Andrzej Zulawski, Possession, 1981, stills from a color film in 35 mm, 123 minutes. Left: Mark (Sam Neill). Right: Anna (Isabelle Adjani).


DESERVEDLY NOTORIOUS, and now revived uncut by Film Forum, Andrzej Zulawski’s 1981 film Possession plunges into a vertiginous free fall of amour fou, lust, hysteria, and unnameable, uncontainable passion. A perfect match to the destabilizing urges under fresh study in David Cronenberg’s A Dangerous Method, this is mania without analysis: Consumed by someone somewhere else, young mother Anna (Isabelle Adjani) effectively abandons her husband Mark (Sam Neill) and their boy. Guilty of his own absences, Mark enters a frenzy of desperation and jealousy. He eventually tracks down Anna’s ludicrous lover Heinrich (the late Heinz Bennent), but the finding reveals little about the mutant extravagance behind Anna’s unexplained disappearances, outbursts, and distrait silences.

Zulawski stages his expressionistic danse macabre in a bleak West Berlin, shooting the couple’s apartment complex and the underpopulated streets with the exhausted, bright lucidity of an insomniac’s gaze. But the setting would be nothing without Adjani, embodying an emotional wraith, eyes shifting from melancholy to tantalizing secretiveness to cold fire. Her inscrutability at first appears conventional; early in the film she greets Mark sullenly after his return from a mysterious business trip. But as her husband digs in, the outbursts grow wilder; every kitchen implement seems a deadly weapon. Neill, apparently directed to deliver lines as if stream-of-consciousness, holds nothing back; we in turn become absorbed in their careening among rooms, or in a simple, repeated gesture, like Adjani’s madly fluttering hands.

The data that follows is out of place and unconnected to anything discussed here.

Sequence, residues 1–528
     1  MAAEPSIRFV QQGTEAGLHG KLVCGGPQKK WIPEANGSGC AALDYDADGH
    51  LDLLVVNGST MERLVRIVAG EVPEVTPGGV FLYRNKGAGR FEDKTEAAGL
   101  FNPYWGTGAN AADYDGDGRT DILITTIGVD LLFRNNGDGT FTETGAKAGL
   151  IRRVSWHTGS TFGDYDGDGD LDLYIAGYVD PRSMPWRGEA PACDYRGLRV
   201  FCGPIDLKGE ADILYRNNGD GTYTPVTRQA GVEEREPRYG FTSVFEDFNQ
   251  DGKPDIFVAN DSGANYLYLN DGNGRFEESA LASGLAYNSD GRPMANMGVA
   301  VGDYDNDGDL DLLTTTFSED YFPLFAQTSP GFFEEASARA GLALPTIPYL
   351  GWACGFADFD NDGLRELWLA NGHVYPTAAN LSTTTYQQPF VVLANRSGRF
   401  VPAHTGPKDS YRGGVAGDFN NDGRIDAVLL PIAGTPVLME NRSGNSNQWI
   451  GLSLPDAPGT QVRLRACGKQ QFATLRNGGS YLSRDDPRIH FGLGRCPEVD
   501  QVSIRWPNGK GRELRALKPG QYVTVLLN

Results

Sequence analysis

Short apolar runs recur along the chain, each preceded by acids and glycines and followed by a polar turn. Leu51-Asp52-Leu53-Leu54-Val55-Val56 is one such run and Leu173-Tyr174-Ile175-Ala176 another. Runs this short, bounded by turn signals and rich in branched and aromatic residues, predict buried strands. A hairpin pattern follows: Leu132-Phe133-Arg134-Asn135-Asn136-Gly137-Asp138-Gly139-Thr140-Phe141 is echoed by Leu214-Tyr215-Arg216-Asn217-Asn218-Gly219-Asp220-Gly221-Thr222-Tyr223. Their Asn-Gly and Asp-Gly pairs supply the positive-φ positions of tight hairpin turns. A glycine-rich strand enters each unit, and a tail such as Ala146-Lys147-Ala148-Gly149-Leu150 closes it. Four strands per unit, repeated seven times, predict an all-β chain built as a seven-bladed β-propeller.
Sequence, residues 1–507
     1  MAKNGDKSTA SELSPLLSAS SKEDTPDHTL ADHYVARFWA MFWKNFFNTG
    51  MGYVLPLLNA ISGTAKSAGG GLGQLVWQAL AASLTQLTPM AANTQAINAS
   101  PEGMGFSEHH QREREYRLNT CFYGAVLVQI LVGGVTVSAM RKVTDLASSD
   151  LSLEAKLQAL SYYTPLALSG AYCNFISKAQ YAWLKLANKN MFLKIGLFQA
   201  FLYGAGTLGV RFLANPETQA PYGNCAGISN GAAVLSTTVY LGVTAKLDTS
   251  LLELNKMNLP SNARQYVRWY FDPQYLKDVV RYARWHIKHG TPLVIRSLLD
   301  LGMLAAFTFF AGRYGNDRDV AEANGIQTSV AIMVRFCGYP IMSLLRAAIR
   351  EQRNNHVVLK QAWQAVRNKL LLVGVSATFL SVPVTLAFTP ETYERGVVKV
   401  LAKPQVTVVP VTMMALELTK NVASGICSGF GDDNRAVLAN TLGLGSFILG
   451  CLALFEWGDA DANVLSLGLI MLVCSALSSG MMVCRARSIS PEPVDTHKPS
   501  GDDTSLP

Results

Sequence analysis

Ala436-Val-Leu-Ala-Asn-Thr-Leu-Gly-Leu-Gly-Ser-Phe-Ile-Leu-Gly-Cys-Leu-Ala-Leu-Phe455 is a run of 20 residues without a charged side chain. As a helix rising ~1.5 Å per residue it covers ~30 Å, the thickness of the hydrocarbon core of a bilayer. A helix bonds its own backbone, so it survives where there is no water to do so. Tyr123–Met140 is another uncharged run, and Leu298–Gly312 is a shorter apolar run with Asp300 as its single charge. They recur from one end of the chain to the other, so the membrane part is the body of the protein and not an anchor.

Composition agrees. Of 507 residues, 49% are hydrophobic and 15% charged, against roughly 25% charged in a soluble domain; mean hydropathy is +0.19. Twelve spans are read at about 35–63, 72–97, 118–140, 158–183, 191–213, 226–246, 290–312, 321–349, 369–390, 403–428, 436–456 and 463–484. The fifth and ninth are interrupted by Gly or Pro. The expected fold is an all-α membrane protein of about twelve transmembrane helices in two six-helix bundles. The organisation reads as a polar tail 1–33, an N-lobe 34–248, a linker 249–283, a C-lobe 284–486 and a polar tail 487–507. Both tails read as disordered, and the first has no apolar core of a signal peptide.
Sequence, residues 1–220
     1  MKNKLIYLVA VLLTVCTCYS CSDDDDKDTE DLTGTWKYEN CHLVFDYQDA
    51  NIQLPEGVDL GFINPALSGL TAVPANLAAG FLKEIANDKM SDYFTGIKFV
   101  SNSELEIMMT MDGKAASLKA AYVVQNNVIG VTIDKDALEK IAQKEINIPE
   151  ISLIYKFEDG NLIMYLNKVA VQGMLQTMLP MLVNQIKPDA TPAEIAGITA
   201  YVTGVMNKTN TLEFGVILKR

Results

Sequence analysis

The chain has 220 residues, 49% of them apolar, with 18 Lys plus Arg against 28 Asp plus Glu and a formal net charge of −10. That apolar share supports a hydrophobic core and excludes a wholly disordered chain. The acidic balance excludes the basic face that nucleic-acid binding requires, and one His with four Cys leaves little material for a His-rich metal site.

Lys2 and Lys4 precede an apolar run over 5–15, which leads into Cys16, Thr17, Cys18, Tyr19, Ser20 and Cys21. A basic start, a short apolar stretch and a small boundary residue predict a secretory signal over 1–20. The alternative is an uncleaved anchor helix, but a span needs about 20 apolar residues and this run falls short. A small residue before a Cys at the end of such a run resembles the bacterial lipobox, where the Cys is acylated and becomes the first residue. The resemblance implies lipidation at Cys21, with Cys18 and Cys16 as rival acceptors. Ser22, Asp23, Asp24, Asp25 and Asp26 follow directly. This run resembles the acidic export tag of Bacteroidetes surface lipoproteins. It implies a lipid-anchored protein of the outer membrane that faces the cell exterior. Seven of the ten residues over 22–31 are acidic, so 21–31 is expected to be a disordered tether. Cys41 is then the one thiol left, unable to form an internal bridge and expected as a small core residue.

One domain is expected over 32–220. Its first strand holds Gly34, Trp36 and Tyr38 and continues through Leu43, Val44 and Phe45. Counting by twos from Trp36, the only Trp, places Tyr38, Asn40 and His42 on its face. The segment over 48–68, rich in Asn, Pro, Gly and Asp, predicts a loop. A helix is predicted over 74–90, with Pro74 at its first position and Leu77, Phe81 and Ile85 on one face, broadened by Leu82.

Possession’s oft-hyped special effects—menstruating walls and a phallic creature in Anna’s secret second apartment—care of Carlo Rambaldi, are only the most overtly surreal embellishment to a movie that’s already bent by DP Bruno Nuytten’s wide angles and nervous circling camera. (In another surreal touch, Adjani does double duty as Anna’s green-eyed doppelgänger, a milk-fresh schoolteacher who catches Mark’s eye.) The is-this-for-real factor of its excesses sees descendants in the likes of Werner Schroeter’s 1991 Malina (starring Isabelle Huppert in a perpetually flaming flat), though the influence of Possession’s tweaking of art/suspense/horror/melodrama sometimes seems overshadowed by Cronenberg.

While it’s hard to describe Zulawski’s experiment as pleasurable, its follies are surely familiar to lovelorn viewers. Fascinating and off-putting, the film ends with perhaps the only possible denouement to a romantic apocalypse; finally, the filmmaker’s orchestration of chaos feels like the natural order of things.

Nicolas Rapold

Possession runs December 2–13 at Film Forum in New York.